The roads were impassable with only one lane. In addition, in 2001, a number of problems emerged that include: inability to pay excise tax before the yarns are transported, the company is not repaying its loans as scheduled, its request for a new loan may not be granted by the All-India Bank & Trust Company, and it projects that because of inflationary pressures, interest charged on its previous loans in the subsequent year may increase. Analysis From the 2001 projections, the company`s sales revenues reached the 90. million mark in 2001 representing a 15 million rupees growth over the previous year.

Despite this remarkable increase, there are a number of financial challenges that must be taken into account when evaluating the forecast. For example, based on the company`s total assets turnover which tells how efficient the company is using its assets to generate sales, Kota`s total assets turnover ratio is suboptimal. In 2000, the company`s total assets turnover stood at 0. 18 but the projected ratio for 2001 is only 0. 17. This highlights major inefficiencies in the management of assets by Kota Fibres.

By increasing the amount of total assets, the company can be in a position to increase this ratio. In preparing the forecasts for Kota Fibres, Mr. Mehta, the bookkeeper, and Ms. Pundir agreed on various assumptions to arrive at the projections. This is not desirable because the prediction may be misleading. The forecast should be premised on actual figures. Ms Pundir as the owner should hire an accountant or at least assign the book keeper the task of preparing the forecast. The final report on the projections should thereafter be reviewed to check any inconsistencies.

Mr. Mehta and Ms. Pundir introduced a new quality control unit and hired two sales representatives and three nephews with the objective of creating commitment to the Pundir family. From the case, no audit or analysis was undertaken to ascertain whether the company needed a quality control unit. This is an example of how the company is increasing its operating costs which has contributed to its current liquidity challenges. Ms. Pundir is biased toward addressing shareholders’ needs rather than pursue what is good for business survival.

It is reported that the company had previously declared high dividend payments to its shareholders because Pundir believed that it was risky to leave excess funds to the company. Therefore, she preferred the funds to be distributed in the form of dividends. This raises some questions. As the managing director, Pundir is not sure of her competency that is why she fears that if funds are left to the company which she manages they might get lost. In as much as it is true that the overriding objective of any business is to maximize shareholder value, Kota Fibres case seems excessive.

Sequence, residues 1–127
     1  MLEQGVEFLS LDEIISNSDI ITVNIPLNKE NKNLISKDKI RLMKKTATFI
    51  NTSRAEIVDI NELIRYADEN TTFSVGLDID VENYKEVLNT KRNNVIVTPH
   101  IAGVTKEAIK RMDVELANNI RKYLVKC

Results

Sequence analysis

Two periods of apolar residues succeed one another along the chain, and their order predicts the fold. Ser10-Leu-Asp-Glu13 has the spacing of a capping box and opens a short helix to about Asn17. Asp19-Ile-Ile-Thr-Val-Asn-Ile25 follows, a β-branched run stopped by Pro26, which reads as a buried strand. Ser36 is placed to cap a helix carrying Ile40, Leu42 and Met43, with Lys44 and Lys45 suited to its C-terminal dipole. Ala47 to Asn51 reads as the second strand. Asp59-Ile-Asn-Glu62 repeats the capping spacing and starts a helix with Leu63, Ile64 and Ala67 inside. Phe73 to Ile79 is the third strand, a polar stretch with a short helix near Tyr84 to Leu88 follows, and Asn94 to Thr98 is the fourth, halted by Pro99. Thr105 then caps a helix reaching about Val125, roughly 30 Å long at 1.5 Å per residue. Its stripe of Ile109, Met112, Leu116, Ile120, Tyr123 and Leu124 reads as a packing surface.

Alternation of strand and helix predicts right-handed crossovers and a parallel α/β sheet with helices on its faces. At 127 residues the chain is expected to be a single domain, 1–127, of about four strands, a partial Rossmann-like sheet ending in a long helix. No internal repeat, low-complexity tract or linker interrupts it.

The financial challenges facing the firm can be directly linked to high dividend paid out to the shareholders in the past forty seven years and the company is on its path to bankruptcy. Similarly, the company does not value its employees. Rather than motivating its hard-working employees and giving them permanent employment, the company prefers to hire during the high season, over working the employees and firing them during low seasons. Given the large amounts of money declared to shareholders each year, they should consider re-investing part of the money in their business.

This will permit the company to charge lower prices on its products and gain a larger market share. This could be the best method compared to the existing utilitarianism model of laying off some employees as a means of preventing the company from going bankrupt. Ms. Pundir requested for memos that could give her various insights on the issues. It is however unfortunate that she has not yet reviewed these memos or even convened a meeting with her managers to deliberate on the way forward.

She is quick in dismissing viable business ideas by simply pushing them to the side of her desk yet some of these memos could offer a way of addressing the challenges facing the company. The memos written by key management personnel in Kota Fibres had useful insights that could help in addressing the problems facing the company. The following solutions have been suggested in the memos: The field sales manager notes that the forecasts did not take into account Pondicherry Textile, one of the company`s potential customers in the year 2001.

This new account will be the largest with sales revenues of up to INR 6 million. Although the credit term of 80 days may not be favorable for Kota at this point in time, the terms can be negotiated. If Pondicherry Textile sales were taken into account in the forecasts, the future of the company would have looked more promising and the financier would have no doubt in the company`s ability to meet its future repayment obligations. The second memo from the transportation manager equally addresses some of the problems the company faces.